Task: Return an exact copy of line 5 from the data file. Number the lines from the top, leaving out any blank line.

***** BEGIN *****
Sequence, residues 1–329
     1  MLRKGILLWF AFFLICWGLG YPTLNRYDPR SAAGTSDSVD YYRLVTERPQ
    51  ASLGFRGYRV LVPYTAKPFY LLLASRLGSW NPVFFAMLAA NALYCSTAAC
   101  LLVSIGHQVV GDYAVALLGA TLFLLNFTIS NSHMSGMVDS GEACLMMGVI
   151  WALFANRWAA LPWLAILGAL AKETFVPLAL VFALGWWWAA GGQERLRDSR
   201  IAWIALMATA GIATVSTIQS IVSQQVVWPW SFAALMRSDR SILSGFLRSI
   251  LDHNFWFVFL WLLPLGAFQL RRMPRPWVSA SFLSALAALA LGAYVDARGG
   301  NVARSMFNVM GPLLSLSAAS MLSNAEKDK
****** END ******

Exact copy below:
   151  WALFANRWAA LPWLAILGAL AKETFVPLAL VFALGWWWAA GGQERLRDSR